Retail arbitrage can be a good way for new sellers to build their seller feedback, while also turning a decent profit — but only if it’s done properly.

There are many different ways to sell on Amazon. Private label and wholesale are popular options but retail arbitrage is a great way to get started as a new seller.  

With retail arbitrage, sellers can generate sales and increase seller feedback but finding the right products to sell can be challenging.

Here’s everything you need to know about retail arbitrage so you can get started on Amazon and see those sales come rolling in:

How retail arbitrage works

The idea behind retail arbitrage is relatively simple. All you have to do is find a product on sale somewhere, buy it and then sell it on Amazon for a higher price. So, for example, you might spot a product selling at Target or Walmart for $10, but if you check on Amazon you see it is selling regularly for $20. That’s a nice profit just waiting to be grabbed.

It’s a particularly useful option if you come across a store clearance sale. Unfortunately, these gems can be few and far between and create their own set of problems.

The most obvious is that while private label sellers will have a constant supply of a product while you may only be able to supply it on a one-off basis. You will spot a bargain, buy the product, and then resell it. It is an ongoing process that will find you constantly scouring for bargains you can flip on Amazon.

It is an easy process to start but not an easy process to get right.

And, of course, there is a very obvious drawback to retail arbitrage. If you are able to find that product for $10, surely someone else is able to do the same thing. But it is important to remember that often sales and clearances are regional. So, just because you can find the product at that price, doesn’t mean all of your potential buyers will be able to.

Furthermore, Amazon shoppers are loyal to that marketplace. They trust the purchase process and they trust Amazon to be a gatekeeper, preventing subpar products from getting in. Amazon eliminates the risk for the buyer. That is why even if the product you are listing can be found cheaper elsewhere online, you are still likely to get the sale.

Winning at retail arbitrage

To be successful you need to be able to answer several questions:

  • Is there demand? If the product doesn’t have many sales on Amazon it might not be worthwhile.
  • What’s the competition like? Ideally, you’ll be looking for a product which has few other fulfilled by Amazon sellers operating at your price level.
  • What price is it getting? You need a product that is selling on Amazon for a significantly higher price than the one you paid for it.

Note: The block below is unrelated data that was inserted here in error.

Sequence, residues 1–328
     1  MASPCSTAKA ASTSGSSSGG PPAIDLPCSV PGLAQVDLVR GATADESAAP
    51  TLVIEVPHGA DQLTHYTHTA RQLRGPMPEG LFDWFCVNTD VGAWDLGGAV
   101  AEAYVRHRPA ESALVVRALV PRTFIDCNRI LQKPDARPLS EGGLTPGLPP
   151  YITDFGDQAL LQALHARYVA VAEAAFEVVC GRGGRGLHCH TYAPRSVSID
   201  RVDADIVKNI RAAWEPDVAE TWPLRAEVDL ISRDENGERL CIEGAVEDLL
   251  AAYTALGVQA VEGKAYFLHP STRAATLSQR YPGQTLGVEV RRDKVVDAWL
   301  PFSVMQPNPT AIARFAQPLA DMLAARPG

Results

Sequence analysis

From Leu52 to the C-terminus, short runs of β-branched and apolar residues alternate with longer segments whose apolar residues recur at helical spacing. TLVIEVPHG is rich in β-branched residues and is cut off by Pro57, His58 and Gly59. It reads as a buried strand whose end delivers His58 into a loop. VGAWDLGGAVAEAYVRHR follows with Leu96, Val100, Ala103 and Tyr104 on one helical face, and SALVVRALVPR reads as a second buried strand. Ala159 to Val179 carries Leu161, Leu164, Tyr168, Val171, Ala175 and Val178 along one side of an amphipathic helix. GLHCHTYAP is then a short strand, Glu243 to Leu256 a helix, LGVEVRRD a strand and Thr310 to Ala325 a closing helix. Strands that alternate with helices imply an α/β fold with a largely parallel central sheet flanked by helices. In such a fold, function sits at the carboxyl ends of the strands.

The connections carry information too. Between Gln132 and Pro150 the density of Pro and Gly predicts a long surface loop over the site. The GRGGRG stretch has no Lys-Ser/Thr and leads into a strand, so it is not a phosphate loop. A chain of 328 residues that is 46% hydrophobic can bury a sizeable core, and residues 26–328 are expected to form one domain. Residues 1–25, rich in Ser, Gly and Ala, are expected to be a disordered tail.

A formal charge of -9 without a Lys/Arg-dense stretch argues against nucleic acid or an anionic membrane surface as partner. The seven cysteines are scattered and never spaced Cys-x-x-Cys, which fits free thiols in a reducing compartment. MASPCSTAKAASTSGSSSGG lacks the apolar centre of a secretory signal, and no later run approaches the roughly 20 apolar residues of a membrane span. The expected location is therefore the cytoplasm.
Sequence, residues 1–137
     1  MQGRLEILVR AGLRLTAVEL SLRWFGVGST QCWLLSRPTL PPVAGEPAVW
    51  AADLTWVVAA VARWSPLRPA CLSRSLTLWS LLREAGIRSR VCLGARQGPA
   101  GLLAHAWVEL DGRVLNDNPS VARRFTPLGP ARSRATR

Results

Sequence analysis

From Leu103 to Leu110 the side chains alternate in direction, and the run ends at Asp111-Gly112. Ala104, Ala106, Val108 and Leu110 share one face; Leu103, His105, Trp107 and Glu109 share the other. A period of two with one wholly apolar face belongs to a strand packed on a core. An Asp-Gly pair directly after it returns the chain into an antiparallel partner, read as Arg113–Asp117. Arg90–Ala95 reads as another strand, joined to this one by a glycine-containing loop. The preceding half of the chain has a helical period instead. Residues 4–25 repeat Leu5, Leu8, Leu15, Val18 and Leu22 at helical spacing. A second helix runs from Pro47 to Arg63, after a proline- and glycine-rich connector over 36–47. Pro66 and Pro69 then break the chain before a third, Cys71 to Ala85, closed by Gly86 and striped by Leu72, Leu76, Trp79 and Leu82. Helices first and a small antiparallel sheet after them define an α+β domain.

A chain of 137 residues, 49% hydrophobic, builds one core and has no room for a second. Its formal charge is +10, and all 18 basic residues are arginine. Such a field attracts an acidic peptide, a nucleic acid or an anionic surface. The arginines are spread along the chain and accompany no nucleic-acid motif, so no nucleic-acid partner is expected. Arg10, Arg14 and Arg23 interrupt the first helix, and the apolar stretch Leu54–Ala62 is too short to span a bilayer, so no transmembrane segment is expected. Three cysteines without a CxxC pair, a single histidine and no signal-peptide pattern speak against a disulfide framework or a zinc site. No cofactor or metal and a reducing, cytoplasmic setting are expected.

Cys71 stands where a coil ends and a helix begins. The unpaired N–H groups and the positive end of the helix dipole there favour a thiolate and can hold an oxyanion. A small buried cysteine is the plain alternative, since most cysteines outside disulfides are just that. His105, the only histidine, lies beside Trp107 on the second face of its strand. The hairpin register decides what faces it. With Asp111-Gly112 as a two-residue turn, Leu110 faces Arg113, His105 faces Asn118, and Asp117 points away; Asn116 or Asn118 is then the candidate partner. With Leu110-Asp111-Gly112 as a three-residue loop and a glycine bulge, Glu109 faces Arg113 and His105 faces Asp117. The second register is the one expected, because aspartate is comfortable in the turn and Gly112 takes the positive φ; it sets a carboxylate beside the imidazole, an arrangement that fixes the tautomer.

• Does Amazon also sell it? You don’t want to find yourself in competition with Amazon. If they are selling at your price point you’ll have to either wait for them to sell out and hope they share the buy box or sell at a lower price and receive less of a return on your investment.

This is a lot of information to find, but there are plenty of tools to help you make your decision.

Here are a few which should be part of any retail arbitrage seller’s toolkit.

     A scanner app: These give you all the information you need quickly. All you have to do is scan the product and it will give you details like sales ranking, which tells you how well it is selling, and a competition score which tells you how many other sellers are working against you.

     An Amazon seller app: A scanner app will only tell you part of the story. It’s worth actually checking out the product on Amazon. Look for whether Amazon is selling the product themselves, how well it is selling and at what price. It’s also a good idea to check the product review history. A good flow of recent positive product reviews will tell you that people are currently buying the product and that they like it when it arrives.

Information is power, and the more of it you have the easier it will be to win the retail arbitrage game.

Building feedback and product reviews

So how can all of these things be used to help you build feedback and product reviews?

For many new sellers, retail arbitrage presents a relatively easy way to get selling, but it can also help you build seller feedback and product reviews.

If you can list a product at a price that matches or is better than the lowest price on Amazon, your product is likely to show up in buyer searches. Once people find your products, you can start generating sales and product reviews.

Retail arbitrage, then, is relatively easy to start but difficult to get right. It’s an approach best suited to a great bargain hunter — someone willing to put in the research to find out what buyers are looking for, find the products at low prices, and flipping them to a waiting market.